Blackpool — a somewhat ominous sounding name to foreign ears — is a city on the Northern English coast. Often dubbed the “archetypal British seaside resort”, it was a popular holiday destination for families from nearby cities like Manchester and Liverpool. Here’s a picture from the turn of the century, courtesy of the Library of Congress:
Vacationers regularly packed beaches and frequented the incredible amount of attractions. In fact, it seems as though Blackpool city planners made sure that every fun under the sun could be had there:
Blackpool was a booming resort with a (…) promenade complete with piers, fortune-tellers, public houses, trams, donkey rides, fish-and-chip shops and theaters.
To round things off, they constructed a replica of the upper thirds of the Eiffel tower – on top of an aquarium – as well as an amusement park. And those piers? They didn’t build just one, but three.
Getty Images has some lovely pictures of Blackpool in its prime, taken by photographer Bert Hardy around 1951:
Since I’ve been using the past tense and archival images, it won’t surprise you that those days are over. As air travel became affordable, families stopped frequenting Blackpool and the town began to decline. Judging by my British colleagues’ reactions when I mentioned my visit (“Were you filming a documentary on knife violence?”), Blackpool now evokes dread rather than “dream destination”. It has remained a place of fun (there are more attractions than ever), but seems to have become a place for drinking and stag parties, a far cry from its golden past. But that doesn’t mean it should be discounted.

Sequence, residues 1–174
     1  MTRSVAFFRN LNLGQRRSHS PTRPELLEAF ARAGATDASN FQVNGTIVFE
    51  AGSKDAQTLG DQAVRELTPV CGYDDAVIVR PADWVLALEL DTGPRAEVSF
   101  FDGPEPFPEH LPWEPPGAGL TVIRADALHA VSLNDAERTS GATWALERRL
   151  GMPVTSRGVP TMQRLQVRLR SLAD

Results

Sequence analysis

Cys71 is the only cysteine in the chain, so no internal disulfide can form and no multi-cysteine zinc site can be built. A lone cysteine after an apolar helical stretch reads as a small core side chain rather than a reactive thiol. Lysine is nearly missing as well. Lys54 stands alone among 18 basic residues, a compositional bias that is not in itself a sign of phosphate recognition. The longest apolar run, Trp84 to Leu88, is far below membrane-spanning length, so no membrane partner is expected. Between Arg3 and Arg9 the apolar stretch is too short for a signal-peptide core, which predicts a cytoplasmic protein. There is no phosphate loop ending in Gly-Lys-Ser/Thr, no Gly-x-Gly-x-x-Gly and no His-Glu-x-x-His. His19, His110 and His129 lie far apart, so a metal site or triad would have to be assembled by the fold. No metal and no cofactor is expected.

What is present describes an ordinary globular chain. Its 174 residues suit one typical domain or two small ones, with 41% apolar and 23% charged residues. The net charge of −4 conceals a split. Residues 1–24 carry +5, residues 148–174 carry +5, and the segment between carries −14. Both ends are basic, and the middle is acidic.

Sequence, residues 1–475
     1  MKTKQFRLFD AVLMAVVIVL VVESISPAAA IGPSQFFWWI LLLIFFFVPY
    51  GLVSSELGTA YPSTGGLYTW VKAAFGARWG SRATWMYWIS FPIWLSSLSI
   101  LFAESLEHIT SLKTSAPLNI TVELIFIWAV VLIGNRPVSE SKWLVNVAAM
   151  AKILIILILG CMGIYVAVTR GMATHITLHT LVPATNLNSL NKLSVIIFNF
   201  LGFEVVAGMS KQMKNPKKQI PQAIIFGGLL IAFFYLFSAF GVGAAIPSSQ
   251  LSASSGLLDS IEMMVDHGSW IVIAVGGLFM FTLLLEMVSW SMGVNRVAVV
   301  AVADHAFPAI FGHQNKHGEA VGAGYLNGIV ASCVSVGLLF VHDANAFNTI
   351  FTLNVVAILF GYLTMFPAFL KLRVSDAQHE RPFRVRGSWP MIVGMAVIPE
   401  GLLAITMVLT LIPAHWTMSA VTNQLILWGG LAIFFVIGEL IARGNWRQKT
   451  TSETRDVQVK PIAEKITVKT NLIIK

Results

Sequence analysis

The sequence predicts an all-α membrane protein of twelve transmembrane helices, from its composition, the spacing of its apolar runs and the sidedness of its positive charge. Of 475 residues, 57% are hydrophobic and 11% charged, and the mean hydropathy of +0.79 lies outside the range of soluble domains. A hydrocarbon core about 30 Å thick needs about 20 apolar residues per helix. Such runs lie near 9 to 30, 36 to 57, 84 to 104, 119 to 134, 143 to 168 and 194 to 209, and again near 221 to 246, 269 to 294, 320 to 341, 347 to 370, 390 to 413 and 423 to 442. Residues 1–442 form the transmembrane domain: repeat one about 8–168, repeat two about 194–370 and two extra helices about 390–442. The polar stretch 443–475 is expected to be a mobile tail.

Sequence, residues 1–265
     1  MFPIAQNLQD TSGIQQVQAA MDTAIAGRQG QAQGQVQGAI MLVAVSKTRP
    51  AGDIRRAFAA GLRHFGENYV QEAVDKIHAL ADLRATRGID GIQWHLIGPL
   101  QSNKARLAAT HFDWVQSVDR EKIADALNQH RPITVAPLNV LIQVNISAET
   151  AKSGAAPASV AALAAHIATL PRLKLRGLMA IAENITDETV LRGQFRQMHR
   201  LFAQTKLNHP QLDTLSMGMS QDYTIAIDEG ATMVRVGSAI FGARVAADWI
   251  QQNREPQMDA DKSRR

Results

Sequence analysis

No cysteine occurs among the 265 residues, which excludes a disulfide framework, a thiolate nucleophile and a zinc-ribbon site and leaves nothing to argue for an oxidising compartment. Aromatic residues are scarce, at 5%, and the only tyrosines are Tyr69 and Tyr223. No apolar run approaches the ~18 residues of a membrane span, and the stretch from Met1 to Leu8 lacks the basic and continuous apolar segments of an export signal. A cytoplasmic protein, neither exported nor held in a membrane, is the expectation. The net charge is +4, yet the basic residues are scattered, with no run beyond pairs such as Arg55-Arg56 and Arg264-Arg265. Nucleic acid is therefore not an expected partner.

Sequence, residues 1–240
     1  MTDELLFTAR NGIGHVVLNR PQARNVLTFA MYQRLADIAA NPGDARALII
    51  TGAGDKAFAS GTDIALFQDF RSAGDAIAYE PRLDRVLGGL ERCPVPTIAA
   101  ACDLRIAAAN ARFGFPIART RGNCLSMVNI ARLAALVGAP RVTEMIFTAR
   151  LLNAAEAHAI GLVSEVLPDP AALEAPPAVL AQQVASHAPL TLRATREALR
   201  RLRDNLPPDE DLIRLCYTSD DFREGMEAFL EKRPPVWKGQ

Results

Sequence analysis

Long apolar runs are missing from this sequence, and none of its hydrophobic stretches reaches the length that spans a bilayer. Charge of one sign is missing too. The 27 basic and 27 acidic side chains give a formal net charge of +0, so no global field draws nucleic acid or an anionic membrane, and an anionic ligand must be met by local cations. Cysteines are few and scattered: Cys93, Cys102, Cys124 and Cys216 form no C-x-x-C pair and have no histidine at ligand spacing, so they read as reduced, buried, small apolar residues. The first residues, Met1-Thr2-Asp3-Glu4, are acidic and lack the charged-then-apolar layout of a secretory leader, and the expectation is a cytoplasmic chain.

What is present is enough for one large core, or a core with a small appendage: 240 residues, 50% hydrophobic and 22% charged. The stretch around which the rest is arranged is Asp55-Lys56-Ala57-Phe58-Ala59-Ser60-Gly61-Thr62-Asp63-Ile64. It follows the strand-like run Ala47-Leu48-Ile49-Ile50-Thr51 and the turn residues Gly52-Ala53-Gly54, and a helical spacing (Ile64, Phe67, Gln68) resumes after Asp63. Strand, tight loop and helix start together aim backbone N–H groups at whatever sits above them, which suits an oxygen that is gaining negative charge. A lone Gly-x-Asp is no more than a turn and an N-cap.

During the 24 hours we spent in Blackpool, I kept repeating one sentence: “This is such a strange place.” And therein lies it’s modern-day attraction: It’s unlike anything you have ever seen. Almost defiantly, Blackpool has doubled down on the fun. The entire promenade including the historic piers are now packed with attractions: You can have your palm read by a psychic, ride around in a horse-drawn carriage, shoot water guns and eat cotton candy. It’s a year-round fun fair at city scale.
There is, of course, a lot of bad taste on display. Right off the promenade, you can get terrible tattoos displaying your Welshness or Scottishness. There is a place called the “Barvarian”, where you can dance the night away on beer-drenched benches. Or you can go to Ma Kelly’s, a pub with three locations in Blackpool, where you can stand on a thick carpet and drink cheap beers, as a live musician plays some crowd pleasers and feathered background dancers show their legs.
But Blackpool is also very true to itself. Peer behind one of the stands on the pier and you see that all the old infrastructure is still there: Intricate Victorian railings, painted over countless times, now a mere backdrop to the latest auto scooter or water park. Like inspecting the rings on a felled tree trunk, you can see all the historical layers of Blackpool out in the open. The buildings are historic, the architecture reminiscent of a glorious past. The place might seem surreal, but it also makes all the sense in the world: It’s a logical conclusion not just to the city’s history, but that of the entire country. It is out of step with what we would consider hip or contemporary, but raw in its authenticity.